On Fri, Nov 09, 2012 at 08:42:33AM +1300, Nathan Broadbent wrote:

> It sounds like we want a tool that combines the functionality of 'git add
> --patch', 'git checkout --patch', and other features, so that we can
> perform various actions on 'hunks' without switching context. What do you
> think about naming this command 'git patch'?

I think it would be a slightly confusing name, given that it is not
related to the usual Unix "patch" command (git's analog to that is "git

I was thinking something like "git organize" because it is about
organizing muddled changes. Duy mentioned my earlier "git put", which is
based around the same ideas. This could be thought of as "git put
--patch", I suppose.

> I'm not sure how dropping hunks into 'buckets' would work, but the main
> idea is to be able to stage, discard or edit hunks in a single pass.

Buckets are really just patches you are building up from hunks. So I
think you are dealing with two buckets either way: a to-stage bucket and
a to-discard bucket. Adding more buckets isn't hard; you just turn the
to-stage bucket into an array of buckets.

The tricky part is figuring out how to keep the state persistent across
multiple invocations. The simplest program flow for the 2-bucket case
would be something like:

  for h in hunks
          show hunk to user
          ask user what they want to do
          if they want to stage
             append to to-stage patch
          else if they want to discard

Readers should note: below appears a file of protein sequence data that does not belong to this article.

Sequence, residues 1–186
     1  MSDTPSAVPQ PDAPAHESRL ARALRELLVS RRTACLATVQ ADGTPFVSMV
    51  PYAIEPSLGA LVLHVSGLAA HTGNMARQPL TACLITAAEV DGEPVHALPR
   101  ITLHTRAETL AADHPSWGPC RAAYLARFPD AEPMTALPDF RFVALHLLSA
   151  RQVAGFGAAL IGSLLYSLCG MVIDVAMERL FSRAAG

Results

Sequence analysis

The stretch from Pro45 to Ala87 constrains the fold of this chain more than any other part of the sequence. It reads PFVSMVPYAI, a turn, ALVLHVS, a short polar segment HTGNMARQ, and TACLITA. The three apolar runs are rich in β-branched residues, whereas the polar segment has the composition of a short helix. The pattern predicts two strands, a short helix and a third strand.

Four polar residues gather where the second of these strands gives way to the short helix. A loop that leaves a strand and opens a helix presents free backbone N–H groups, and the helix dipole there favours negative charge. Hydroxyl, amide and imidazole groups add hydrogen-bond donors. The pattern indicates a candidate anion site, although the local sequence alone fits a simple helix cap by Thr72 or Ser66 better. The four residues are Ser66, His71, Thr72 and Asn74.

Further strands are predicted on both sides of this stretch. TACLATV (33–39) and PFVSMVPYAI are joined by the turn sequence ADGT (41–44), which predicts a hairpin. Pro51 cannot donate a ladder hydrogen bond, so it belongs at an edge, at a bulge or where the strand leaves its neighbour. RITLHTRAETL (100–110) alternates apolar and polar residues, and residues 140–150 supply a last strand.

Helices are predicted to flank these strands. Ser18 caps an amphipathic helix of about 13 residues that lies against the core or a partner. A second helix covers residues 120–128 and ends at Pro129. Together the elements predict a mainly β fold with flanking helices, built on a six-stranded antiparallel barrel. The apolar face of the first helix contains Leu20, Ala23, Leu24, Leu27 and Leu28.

append to to-discard patch
             ignore the hunk
  feed to-stage patch to "git apply --cached"
  feed to-discard patch to "git apply -R"

Modifying the loop to have more buckets is easy. But the end is probably
something like:

  feed to-discard patch to "git apply -R"
  feed bucket[0] to "git apply --cached"
  save bucket[1..n] somewhere

Then the user gets control back, builds, tests, commits, whatever, and
then runs "git organize --continue" to apply bucket[1], and so on. And
since we don't know what the user did in between, we have to be ready
for conflicts in applying the buckets.  Hmm, this is sounding a lot like
how "rebase --interactive" works.

One way to implement this would be to store each bucket as a commit
against HEAD (i.e., stage it into a temporary index, then run "git
write-tree" and "git commit-tree"), and then make a "rebase -i"
instruction sheet like:

  pick $sha1_of_bucket_1_commit
  pick $sha1_of_bucket_2_commit

and so forth, except that we would not want our picks to actually commit
(just pull the changes into the working tree and/or index).

That's just me thinking off the top of my head. Obviously what you are
proposing is way simpler, and it is probably sane to start with the
simple thing, and then build the more complex thing on top. But it might
be worth keeping in mind the complex case when building out the
infrastructure for the simple case.

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